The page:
Would you be more inclined to believe something crazy if Stephen Fry told you? How about Michael Buerk? Tony Robinson?
These three are among a list of friendly celebrities that PR firm Munro & Forster believes could help the Department of Environment, Food and Rural Affairs (Defra) convince the public that building more incinerators is a really good idea.
A leaked PowerPoint presentation obtained by Friends of the Earth shows how the Government has sought pitches from branding agencies in order to deal with what it describes as ‘residual waste’, rubbish left over after recycling and composting. Under this scheme, incinerators – which routinely emit cancer-causing dioxins, heavy metals, PCBs and particulates – become just another brand, like the latest heart drug or anti-wrinkle cream.
Defra has pledged to reduce household residual waste by 45 per cent by 2020, but by the same token has also promised to increase incineration of residual waste to 20 per cent by the same date. Knowing each new proposal for an incinerator would meet with a storm of public protest, Defra seems to have planned a PR onslaught with just one goal: to make us learn to love incinerators.
The Munro & Forster document, which is available online – visit www.theecologist.org/incineratorplans – begins by baiting its hook for a specific catch. She will be at least 35 years old, ‘well educated’, with a successful career, children and a ‘strong sense of ethical and social responsibility’. She will also be an ‘affluent and consumptive’ broadsheet reader who is interested in news and current affairs.
Because such a target would already be familiar with environmental principles and beliefs, the pitch suggests altering the renowned slogan ‘Reduce, Reuse, Recycle’ to ‘Reduce, Reuse, Recycle, Recover [incinerate], Dispose [landfill]’. Being an educated 21st century consumer, the branding guidance suggests she will be persuaded technological fixes to environmental problems are just waiting in the wings. Cue the incinerator.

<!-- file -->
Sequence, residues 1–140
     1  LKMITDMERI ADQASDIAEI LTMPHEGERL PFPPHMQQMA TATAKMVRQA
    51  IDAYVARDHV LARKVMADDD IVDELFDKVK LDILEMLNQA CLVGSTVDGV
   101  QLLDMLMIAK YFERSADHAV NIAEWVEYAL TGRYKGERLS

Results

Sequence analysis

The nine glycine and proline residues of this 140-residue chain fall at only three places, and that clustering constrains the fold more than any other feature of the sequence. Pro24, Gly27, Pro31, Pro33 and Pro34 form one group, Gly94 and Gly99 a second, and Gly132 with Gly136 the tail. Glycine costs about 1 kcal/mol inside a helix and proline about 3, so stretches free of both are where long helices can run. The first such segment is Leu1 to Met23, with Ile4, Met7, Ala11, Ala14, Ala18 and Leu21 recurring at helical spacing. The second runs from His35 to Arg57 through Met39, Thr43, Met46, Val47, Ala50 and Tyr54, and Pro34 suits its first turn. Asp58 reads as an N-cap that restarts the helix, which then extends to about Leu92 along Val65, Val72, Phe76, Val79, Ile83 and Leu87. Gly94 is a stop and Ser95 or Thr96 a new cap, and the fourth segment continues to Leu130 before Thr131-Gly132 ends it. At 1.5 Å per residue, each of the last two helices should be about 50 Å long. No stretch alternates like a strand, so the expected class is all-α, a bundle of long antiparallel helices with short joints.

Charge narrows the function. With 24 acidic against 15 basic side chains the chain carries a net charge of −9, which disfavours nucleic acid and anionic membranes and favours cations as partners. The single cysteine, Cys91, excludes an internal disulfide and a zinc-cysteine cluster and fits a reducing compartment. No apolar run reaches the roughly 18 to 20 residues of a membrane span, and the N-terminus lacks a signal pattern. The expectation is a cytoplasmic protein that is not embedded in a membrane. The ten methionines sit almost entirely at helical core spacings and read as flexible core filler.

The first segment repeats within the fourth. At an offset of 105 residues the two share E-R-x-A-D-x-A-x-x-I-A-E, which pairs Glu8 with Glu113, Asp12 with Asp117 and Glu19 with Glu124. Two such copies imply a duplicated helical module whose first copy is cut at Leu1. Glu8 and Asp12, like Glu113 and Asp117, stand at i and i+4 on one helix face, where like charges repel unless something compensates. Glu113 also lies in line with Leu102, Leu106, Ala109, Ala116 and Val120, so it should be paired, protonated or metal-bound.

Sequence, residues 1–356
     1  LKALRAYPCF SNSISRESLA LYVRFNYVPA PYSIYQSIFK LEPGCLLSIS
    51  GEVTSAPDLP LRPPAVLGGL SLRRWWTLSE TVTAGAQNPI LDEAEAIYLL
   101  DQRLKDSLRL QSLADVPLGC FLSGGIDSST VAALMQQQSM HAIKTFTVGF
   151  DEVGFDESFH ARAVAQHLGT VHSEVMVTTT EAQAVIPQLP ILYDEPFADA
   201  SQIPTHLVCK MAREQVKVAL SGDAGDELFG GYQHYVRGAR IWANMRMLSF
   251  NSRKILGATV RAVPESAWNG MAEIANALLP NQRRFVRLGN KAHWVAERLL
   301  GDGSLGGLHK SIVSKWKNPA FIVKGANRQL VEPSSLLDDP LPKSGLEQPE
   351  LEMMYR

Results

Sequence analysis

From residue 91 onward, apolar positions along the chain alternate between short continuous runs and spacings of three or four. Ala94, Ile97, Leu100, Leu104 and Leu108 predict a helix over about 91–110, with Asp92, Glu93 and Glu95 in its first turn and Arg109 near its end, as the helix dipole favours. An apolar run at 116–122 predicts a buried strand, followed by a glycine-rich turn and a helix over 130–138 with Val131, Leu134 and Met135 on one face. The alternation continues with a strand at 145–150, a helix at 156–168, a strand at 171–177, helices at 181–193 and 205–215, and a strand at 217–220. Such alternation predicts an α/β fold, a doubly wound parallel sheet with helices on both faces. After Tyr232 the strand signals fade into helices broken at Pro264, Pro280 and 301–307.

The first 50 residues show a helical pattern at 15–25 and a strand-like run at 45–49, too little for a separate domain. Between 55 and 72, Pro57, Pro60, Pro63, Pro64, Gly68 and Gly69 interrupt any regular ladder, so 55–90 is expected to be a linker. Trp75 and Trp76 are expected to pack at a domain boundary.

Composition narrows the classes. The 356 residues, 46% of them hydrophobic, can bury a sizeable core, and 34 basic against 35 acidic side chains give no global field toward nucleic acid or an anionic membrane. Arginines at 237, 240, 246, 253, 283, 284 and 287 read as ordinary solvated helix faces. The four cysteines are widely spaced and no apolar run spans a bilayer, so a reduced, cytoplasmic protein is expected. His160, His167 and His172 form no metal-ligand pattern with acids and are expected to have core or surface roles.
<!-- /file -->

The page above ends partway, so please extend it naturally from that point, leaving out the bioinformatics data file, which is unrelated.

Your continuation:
Except it won’t be called an incinerator; it will be an Energy From Waste facility or Energy Recovery plant. The message that incinerators are good will be reinforced throughout the media by placing ‘advertorials’ – adverts designed to look like editorial content. Oh, and don’t talk about ‘burning’ or ‘incinerating’ – talk about ‘breaking down’ waste. Sounds more like composting.
Such tactics are the ABCs of public relations – but the document goes further, repeatedly suggesting the Government ‘use’ Defra’s chief scientific advisor, Dr Robert Watson, and his Cabinet counterpart, Professor John Beddington, as central PR contacts. At one point, it is even suggested the scientists act as ‘tour guides’ for journalists on an incinerator site visit. The days when a scientific advisor was an independent expert consulted by the Government on controversial issues seem to have passed; now he or she is just another pawn in the Westminster armoury.
The document goes to similar lengths with the principles of social science. Concerned that public opinion polls on whether people believe technofixes can save the day may not produce the desired results, Munro & Forster also suggests ‘careful crafting of questions’ and a ‘careful construction of the survey’ in order to achieve the desired answers.
For the Government to embark upon a programme that deliberately sets out to defuse very real public health concerns over incinerator emissions seems to go beyond the usual betrayal of trust into deliberate – and dangerous – obfuscation.
This article first appeared in the Ecologist February 2008